Halloween Stigmatizing Mental Illnesses: An Annual Embarrassment That Should Stop

(FROM MY FILES FRIDAY) With Halloween approaching, I thought it appropriate to revisit a 2015 fight that mental health groups waged about an especially insensitive Modern Family episode. A year earlier, I’d called attention to the episode only to catch ABC airing it again. After publishing this blog, I reached out to former Sen. Gordon Smith who promised to get involved in fighting stigmatizing programs on TV. Will this holiday be different?

ABC Thumbs Its Nose At Mental Health Groups, Airs Modern Family Episode. We Lost, Right? 

First published Oct. 29, 2015

Paul Lee, the head of ABC Entertainment Group, which oversees the television network ABC and its production arm ABC Studios, ignored requests by the nation’s six largest mental health groups to deep six a Halloween episode of Modern Family last night that belittled Americans with mental illnesses.. He thumbed his nose at the tweets, the blogs, and the complaints asking him to not show the episode.

For a fun-filled half hour, viewers got to belly laugh at “nut jobs,” “deranged mental patients,” a “sadistic nurse” and a “demented doctor.” The screenwriters didn’t miss a trick — there were chains on hospital beds, straight jackets and a husband who calmed his “looney bin” wife by giving her a “box of Cap’n Crunch and letting her stare at a fish tank.” 

The National Alliance on Mental Illness, which led the campaign to sideline the program, came under criticism. So did I and others who joined NAMI in protesting. “Who appointed you the morality police?” one emailer asked. “C’mon, lighten up. This is comedy.”  Another wrote, “We shouldn’t take ourselves so seriously.” 

Those comments sounded familiar to me. When I was growing up in the 1950s and 60s, racist jokes, anti-Semitic jokes, and gay bashing jokes were common. So were racial slurs, anti-Semitic slurs, and anti-gay slurs. My father was a minister and he told me that those hateful words and jokes dehumanized, stigmatized and belittled people. As a youngster, I refused to utter them and didn’t laugh when I heard them. When I was old enough to speak out, I did. It wasn’t always easy, but I believed it was the right thing to do.

At the National Conference on Mental Health held at the White House, President Barack Obama said that embarrassment and fear of ridicule prevents Americans from seeking psychiatric help. “We’ve got to get rid of that stigma,” he declared. Standing with him was former Oregon Senator Gordon H. Smith, the CEO of the National Association of Broadcasters, whose son, Garrett, ended his own life during a depressive episode. Smith told the president that broadcasters were committed to launching a national campaign to “reduce stigma around mental illness” in movies, on radio broadcasts and especially in television.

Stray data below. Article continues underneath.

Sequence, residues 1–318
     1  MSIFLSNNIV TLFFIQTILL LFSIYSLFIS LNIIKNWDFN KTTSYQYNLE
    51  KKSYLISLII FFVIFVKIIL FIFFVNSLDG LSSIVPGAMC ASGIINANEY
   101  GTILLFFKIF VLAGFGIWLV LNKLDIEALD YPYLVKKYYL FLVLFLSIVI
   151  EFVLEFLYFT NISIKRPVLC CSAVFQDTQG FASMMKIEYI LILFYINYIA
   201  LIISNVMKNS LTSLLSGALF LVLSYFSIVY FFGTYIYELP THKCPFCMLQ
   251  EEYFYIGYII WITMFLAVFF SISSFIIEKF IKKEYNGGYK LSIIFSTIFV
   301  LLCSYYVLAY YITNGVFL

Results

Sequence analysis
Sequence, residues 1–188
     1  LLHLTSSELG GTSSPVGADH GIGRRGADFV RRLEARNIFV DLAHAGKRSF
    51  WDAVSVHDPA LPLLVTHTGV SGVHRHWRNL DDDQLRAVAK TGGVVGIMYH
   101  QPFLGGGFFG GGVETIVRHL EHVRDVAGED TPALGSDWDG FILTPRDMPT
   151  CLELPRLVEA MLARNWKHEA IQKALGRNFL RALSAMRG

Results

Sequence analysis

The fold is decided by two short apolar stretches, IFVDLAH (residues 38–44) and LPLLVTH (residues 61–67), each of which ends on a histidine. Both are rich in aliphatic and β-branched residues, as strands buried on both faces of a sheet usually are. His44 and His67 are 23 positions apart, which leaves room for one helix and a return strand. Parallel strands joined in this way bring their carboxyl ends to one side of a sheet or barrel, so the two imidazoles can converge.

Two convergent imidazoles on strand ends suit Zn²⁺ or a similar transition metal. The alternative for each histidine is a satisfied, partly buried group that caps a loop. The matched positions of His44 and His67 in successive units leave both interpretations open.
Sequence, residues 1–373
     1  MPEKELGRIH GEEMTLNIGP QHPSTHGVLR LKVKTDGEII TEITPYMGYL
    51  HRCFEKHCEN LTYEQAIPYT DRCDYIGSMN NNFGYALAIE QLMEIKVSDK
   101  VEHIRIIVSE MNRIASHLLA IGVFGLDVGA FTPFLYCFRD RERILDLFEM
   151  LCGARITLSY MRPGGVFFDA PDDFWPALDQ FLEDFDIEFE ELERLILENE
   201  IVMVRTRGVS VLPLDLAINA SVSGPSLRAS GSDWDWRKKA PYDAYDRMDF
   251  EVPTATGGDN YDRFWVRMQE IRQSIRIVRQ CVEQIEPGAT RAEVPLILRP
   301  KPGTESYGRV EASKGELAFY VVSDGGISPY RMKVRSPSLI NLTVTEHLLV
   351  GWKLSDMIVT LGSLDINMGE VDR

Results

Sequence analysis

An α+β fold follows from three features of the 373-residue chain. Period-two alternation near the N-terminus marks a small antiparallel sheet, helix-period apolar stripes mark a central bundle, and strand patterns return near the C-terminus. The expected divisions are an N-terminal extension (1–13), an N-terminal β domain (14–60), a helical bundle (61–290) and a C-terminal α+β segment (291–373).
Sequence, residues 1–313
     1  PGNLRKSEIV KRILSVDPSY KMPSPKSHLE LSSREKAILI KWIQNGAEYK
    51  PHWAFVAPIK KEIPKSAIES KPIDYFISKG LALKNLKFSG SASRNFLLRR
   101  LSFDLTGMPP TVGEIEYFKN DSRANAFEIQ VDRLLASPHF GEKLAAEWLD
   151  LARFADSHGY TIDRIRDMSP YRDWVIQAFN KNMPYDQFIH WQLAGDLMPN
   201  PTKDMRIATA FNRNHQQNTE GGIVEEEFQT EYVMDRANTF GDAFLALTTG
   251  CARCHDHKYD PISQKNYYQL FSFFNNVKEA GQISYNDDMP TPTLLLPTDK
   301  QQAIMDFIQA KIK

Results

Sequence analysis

I can’t explain why Paul Lee and his bosses, Bob Iger, the chairman and chief executive officer of The Walt Disney Company and Ben Sherwood, co-chairman of Disney Media Networks, and President,Disney-ABC Television Group, don’t see a nexus between the racist, anti-Semitic and gay slurs that are no longer acceptable in our society and calling persons with mental illnesses “nut jobs” and “wackos.”

Perhaps it is because they don’t have an adult son with a mental illness as I do, and he is not a “nut job” or a “wacko.”

I am proud that NAMI took a stand against bigotry and stigma. I am proud that NAMI was joined by the American Psychiatric Association (APA), the Bazelon Center on Mental Health Law, the Depression and Bipolar Support Alliance (DBSA), Mental Health America (MHA), and the New York Association of Psychiatric Rehabilitation Services (NYAPRS). I am grateful that Janine Francolini at the Flawless Foundation and mental health blogger Liza Long   joined me in calling on Lee, Iger and Sherwood to not air an episode that contributed to stigma.

So did we lose?

If you judge winning and losing on whether that episode ran, then yes, we lost.

But there are moments in life when you are called on to make a choice and it’s those choices that define character. If you judge winning and losing by that standard, we didn’t lose. The re-showing of that episode simply showed us how far we have to go to educate the public and it told us something about the men who saw nothing wrong in re-showing it. 

About the author:

Pete Earley is the bestselling author of such books as The Hot House and Crazy. When he is not spending time with his family, he tours the globe advocating for mental health reform.

Learn more about Pete.